Adventures of a Note-taking Warrior

Adventures of a Note-taking Warrior

I recently attended the 2013 Joint SELF Biennial International Conference and Educational Research Association of Singapore (ERAS) Conference. I wanted to go more digital in my note-taking so I tool along a Samsung Note 10.1 which includes a stylus. I also had my usual pen and notebook as I wasn’t sure if I would end up going all digital in my notes.

The argument for digital notes is an easy one – more legible, searchable and easily transferred from one digital source to another. But what about writing down notes? Apart from being faster, words stuck on page are just stuck on page.

During the conference, I used Evernote to store my notes. With a premium account, I could work on my notes offline which is important when you may not always have internet access. For me, Evernote has been the best note-taking app/software for desktop, phone and tablet without a doubt. What is not so clear, however, is the best way to make those notes.

Evernote (Photo credit: /Sizemore/)

Here are the results of my experiment with different note-taking ways:

1) Using tablet with on-screen keyboard

Two words: hand cramp.

A non-tactile, flat and smooth surface is really not the best input source. As much as predictive text was helpful, I was still typing more slowly than if I had a regular keyboard. Then there were times when I hit other keys instead of space bar, or when serious mistyping led to incorrect suggestions. In addition, not being able to type fast enough also meant missing some info on the slides when the presenter moved on.

Apart from taking notes from the presentation, I also searched for the presenters, found pages related to them and the main theories and ideas they were presenting on, and copied and pasted the links into my notes. If I didn’t have time to do that, I would just bookmark the sites or save the link directly to Evernote.

All in all, while I captured the notes digitally, I’m not convinced the on-screen keyboard is worth the discomfort.

2) Using tablet with stylus

The stylus was a smooth operator, but a bit too smooth.

The S pen was good for some quick scribbling, a few sentences, but certainly not for anything longer or more complex than that. After taking down a few sentences, I switched back to the keyboard.

The stylus, however, was good for making annotations on pdfs or images. I used two apps to try out the stylus for that purpose: iAnnotate and Skitch. I didn’t do a whole lot of annotations during the conference but will be experimenting more with PDF annotation with iAnnotate in the near future.

So the stylus is good for adding details or comments but not for a long stretch of writing.

3) Taking snapshots of slides

If you can’t beat them, join them.

This was actually the most common way of note-taking at the conference, judging by the number of phones and tablets bobbing up and down throughout the presentations. I resisted at first as I was not keen on having a bunch of photos stuck in my phone. Then I discovered Page Camera in Evernote. I could include my photos of slides in my Evernote notes, whether by importing from my phone gallery or taking the photos directly from Evernote. The tablet was not great for taking pictures of slides, so I used my phone for this.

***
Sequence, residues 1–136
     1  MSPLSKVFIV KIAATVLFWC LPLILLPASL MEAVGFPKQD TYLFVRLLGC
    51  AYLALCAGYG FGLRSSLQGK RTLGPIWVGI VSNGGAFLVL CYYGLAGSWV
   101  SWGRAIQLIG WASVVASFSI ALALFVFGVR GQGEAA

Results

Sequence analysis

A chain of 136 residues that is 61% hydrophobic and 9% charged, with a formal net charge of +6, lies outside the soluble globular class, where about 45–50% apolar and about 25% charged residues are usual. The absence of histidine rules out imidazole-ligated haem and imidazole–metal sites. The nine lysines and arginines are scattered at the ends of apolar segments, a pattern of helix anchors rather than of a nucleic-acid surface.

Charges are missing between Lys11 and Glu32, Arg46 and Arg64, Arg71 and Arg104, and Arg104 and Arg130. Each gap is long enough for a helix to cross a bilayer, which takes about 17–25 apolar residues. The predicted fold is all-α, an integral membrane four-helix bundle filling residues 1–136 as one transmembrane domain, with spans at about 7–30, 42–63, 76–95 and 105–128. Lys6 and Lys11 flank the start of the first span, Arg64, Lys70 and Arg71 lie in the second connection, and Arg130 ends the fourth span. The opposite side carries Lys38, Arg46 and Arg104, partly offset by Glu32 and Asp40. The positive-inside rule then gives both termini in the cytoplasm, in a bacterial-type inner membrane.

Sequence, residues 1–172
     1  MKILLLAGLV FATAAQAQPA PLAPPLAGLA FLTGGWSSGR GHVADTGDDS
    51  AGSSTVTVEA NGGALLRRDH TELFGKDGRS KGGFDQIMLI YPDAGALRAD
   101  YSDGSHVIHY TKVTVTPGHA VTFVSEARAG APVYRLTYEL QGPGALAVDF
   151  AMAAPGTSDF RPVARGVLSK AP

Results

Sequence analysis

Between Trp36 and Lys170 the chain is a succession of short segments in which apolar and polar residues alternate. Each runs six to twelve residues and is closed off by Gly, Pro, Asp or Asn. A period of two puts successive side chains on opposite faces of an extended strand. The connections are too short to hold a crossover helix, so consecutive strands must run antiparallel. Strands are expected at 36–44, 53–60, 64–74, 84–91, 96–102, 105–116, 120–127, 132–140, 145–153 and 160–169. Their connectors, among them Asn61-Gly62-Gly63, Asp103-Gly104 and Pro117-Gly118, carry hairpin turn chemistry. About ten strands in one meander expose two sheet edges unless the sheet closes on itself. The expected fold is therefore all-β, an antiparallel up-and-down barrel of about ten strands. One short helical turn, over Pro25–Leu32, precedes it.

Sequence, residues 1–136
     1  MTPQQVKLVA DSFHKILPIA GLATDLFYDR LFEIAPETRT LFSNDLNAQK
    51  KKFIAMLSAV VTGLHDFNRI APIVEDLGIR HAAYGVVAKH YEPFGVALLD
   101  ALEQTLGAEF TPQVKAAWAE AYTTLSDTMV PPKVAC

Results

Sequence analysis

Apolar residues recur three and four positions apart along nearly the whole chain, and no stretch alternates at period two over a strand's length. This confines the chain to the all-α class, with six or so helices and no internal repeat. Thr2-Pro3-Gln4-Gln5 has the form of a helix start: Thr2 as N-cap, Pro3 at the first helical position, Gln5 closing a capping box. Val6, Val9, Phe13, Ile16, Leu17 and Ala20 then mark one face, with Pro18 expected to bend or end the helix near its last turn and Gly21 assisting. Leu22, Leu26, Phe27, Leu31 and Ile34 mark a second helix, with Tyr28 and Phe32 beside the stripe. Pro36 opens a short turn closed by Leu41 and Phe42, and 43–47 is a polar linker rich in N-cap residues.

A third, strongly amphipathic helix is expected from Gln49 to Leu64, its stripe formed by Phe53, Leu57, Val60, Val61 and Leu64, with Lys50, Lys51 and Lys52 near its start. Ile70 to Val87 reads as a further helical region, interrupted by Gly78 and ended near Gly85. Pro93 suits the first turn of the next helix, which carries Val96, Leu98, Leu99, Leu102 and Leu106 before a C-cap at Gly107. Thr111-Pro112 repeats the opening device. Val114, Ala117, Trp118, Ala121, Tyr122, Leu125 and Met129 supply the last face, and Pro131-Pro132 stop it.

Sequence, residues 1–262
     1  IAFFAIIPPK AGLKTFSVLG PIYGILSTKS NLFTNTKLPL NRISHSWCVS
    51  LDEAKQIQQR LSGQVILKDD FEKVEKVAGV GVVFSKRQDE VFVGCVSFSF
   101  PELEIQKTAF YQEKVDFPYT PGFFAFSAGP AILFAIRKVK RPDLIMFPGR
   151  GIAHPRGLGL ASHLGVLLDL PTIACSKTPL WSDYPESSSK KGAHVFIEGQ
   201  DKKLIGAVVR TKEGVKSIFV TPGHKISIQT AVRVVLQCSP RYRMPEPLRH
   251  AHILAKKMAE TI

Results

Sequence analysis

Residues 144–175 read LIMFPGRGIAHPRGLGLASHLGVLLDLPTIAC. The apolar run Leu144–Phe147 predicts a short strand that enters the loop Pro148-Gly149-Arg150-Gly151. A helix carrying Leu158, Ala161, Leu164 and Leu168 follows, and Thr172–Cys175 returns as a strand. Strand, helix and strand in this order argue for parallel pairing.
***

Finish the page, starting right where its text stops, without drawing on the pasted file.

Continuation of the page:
With the slides in my notes, I could also add comments in the notes, or annotate on the picture of the slide using Skitch. The challenge, however, is to multitask between capturing images and taking down notes. Sometimes I found myself taking down notes but missed the chance to capture the slides.

Page Camera is a great addition to Evernote and I’m looking forward to more enhancements.

4) Taking snapshots of handwritten notes

Have pen, will write!

I ended up using my trusty pen and notebook most of the time for quicker note-taking. But not content with the non-digital nature of physical notes, I took photos of my the pages in my notebook and added them to Evernote.

With the premium version of Evernote, the search function includes picking out text from your images. As long as you write legibly, Evernote can highlight words in those pictures. I haven’t tested this fully, but then again, my handwriting is not the most legible to the human or Evernote eye.

Evernote Smart Notebook
Evernote Smart Notebook (Photo credit: AhBook)

In the end, the winner is …

With the limitations of an on-screen keyboard on the tablet, I think the Mac Air would solve that problem. Personally, I would go for the 13 inch version so I can read documents and long stretches of text more comfortably. I did consider a bluetooth keyboard for the tablet but the weight probably adds up to that of the Mac Air. Furthermore, I’m a heavy user of Mendely to organise articles (PDF documents), and so far, both iOS and Android apps do not have full functionality of the desktop version. So for serious note-taking, I’ll be going the way of the Air.

I’ll also be complementing digital note-taking with snapshots of slides and regular handwritten notes. In fact, I don’t ever think I will give up physical notes. Sometimes, you just want to write and doodle or just not have any clunky devices around. I’m going to get the Evernote Smart Notebook by Moleskin which comes with three months subscription to Evernote Premium (brilliant marketing move!). Evernote Premium is valued at US$7 per month (US$21 for three months), almost offsetting the cost of a 3.5 by 5.5 notebook (US$24.95).

Previously, I didn’t think a physical Moleskin notebook would gel with the digital Evernote but it now makes sense to me, wonderful digital sense.

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